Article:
Leveraging Skills into a Craft through Social Entrepreneurship and Jugaad Innovation: The Chamar leatherworkers' studio in Dharavi, Mumbai

Meghamrita Chakraborty*, Ellen Loots

*Corresponding author for this work

Research output: Chapter/Conference proceedingChapterAcademic

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Abstract

In India, characterised by extreme income disparity and high levels of precarious and informal labour, social entrepreneurship could challenge the status quo by improving existing systems with creative solutions. The present chapter discusses the case of the innovative venture ‘Chamar Studio’. It demonstrates how a social entrepreneur, by rehabilitating the traditional skills of leatherworkers, succeeds in enhancing labour conditions and re-claiming the identity of a low-caste community in Dharavi, Asia’s largest slum. Working with leather is traditionally associated with the Chamar community and by the higher castes considered impure. Moreover, the notion ‘Chamar’ and their identity as leatherworkers have long lastingly been used against a large group of people, which perpetuates the discrimination prevalent within the Indian caste system. Instead of disassociating from the traditional caste-based occupations and social stigma, with his ‘Chamar Studio’, Sudheer Rajbhar deploys the skills of leatherworkers to design and manufacture bags from recyclable rubber tyres. As a social entrepreneur, Sudheer improves the working conditions of the artisans; he also leverages the skills of manual workers into a craft; he provides a sustainable alternative for a scarce resource (leather); and he challenges severe social stereotypes. We expose why Sudheer’s innovative, social entrepreneurship can be considered to be jugaad, or: frugal, flexible, and inclusive.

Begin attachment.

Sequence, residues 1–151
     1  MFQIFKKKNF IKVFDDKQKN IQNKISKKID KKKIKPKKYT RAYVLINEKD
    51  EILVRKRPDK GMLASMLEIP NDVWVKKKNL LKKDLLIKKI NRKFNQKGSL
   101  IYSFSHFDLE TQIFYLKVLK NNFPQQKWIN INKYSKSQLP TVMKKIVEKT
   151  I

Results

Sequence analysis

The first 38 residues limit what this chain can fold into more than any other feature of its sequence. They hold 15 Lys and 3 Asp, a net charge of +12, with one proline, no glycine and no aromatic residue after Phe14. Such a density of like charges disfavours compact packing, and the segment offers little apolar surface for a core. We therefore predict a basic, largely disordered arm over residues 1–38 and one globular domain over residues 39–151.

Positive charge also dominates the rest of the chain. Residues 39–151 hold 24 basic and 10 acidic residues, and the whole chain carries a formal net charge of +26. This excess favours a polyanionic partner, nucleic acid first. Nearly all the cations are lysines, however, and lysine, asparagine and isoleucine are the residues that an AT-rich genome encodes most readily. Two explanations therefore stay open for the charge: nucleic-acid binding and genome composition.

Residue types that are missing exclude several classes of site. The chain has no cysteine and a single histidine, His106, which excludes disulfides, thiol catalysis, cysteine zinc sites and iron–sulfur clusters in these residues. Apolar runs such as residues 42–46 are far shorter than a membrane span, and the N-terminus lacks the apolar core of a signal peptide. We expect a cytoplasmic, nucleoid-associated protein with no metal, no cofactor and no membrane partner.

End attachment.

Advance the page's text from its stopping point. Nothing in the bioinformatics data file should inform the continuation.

Original languageEnglish
Title of host publicationCreative Industries in India
EditorsAbdul Shaban, Filip Vermeylen, Christian Handke
Chapter16
Pages320-337
Number of pages18
Edition1st
ISBN (Electronic)9781003129370
Publication statusPublished - 28 Oct 2022
EventConference: Exploring the Creative Industries in India - Tata Institute of Social Sciences, Mumbai
Duration: 7 Jan 2019 → …

Other

OtherConference: Exploring the Creative Industries in India
CityTata Institute of Social Sciences, Mumbai
Period7/01/19 → …

Bibliographical note

Acknowledgements
We acknowledge Sudheer Rajbhar and the workers in Chamar Studio. Data collection took place up to the first months of 2020; writing this chapter happened during the outbreak of the COVID-19 pandemic, which will imaginably have as disproportionate impact on the poor, through the loss of work and remittances, rising prices, and disruptions in education and health services6 , also in India and, specifically, Dharavi.

Research programs

  • ESHCC A&CS

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